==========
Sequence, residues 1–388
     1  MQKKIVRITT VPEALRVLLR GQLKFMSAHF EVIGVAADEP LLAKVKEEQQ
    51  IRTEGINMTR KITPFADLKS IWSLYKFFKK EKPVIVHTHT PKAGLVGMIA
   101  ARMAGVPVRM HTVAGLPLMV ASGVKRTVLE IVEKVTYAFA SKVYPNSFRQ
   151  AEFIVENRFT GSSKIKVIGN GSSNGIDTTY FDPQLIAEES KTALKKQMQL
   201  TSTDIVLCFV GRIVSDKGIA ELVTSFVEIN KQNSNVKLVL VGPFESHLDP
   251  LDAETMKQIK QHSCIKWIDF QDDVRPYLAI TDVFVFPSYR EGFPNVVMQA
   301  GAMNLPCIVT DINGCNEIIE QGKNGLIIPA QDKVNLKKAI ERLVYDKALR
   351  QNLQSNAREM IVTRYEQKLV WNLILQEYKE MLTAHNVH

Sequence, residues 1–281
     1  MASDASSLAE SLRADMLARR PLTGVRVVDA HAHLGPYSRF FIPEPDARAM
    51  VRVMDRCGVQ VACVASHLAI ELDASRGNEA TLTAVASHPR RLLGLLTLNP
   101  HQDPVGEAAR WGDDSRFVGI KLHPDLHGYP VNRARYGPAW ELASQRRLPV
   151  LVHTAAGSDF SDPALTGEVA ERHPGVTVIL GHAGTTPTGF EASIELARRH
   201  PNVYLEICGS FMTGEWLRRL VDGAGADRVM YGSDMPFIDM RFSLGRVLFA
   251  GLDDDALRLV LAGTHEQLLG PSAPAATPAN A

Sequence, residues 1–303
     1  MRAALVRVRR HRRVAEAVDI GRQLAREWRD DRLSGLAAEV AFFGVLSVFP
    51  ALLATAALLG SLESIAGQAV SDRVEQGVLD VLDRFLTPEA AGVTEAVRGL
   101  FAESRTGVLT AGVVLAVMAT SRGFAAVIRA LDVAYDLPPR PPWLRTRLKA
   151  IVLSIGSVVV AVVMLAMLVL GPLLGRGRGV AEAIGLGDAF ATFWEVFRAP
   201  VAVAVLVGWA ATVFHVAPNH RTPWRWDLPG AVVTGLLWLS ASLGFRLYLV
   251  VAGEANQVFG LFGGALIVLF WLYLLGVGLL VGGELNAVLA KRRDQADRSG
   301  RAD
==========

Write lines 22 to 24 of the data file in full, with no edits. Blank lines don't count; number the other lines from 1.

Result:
   201  VAVAVLVGWA ATVFHVAPNH RTPWRWDLPG AVVTGLLWLS ASLGFRLYLV
   251  VAGEANQVFG LFGGALIVLF WLYLLGVGLL VGGELNAVLA KRRDQADRSG
   301  RAD